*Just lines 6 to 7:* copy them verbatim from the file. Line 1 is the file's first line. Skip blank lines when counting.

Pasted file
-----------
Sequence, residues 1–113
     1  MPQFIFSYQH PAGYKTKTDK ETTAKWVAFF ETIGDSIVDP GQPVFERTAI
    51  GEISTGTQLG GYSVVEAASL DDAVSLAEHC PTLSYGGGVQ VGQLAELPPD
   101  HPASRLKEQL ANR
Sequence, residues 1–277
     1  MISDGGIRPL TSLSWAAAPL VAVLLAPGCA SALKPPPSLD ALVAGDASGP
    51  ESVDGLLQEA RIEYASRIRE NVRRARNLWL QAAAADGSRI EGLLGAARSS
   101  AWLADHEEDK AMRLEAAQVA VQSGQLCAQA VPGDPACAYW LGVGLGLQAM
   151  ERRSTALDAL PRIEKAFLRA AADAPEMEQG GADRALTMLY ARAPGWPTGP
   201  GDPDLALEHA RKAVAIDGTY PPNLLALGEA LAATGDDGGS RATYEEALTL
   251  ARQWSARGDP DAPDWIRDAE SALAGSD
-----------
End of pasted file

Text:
     1  MISDGGIRPL TSLSWAAAPL VAVLLAPGCA SALKPPPSLD ALVAGDASGP
    51  ESVDGLLQEA RIEYASRIRE NVRRARNLWL QAAAADGSRI EGLLGAARSS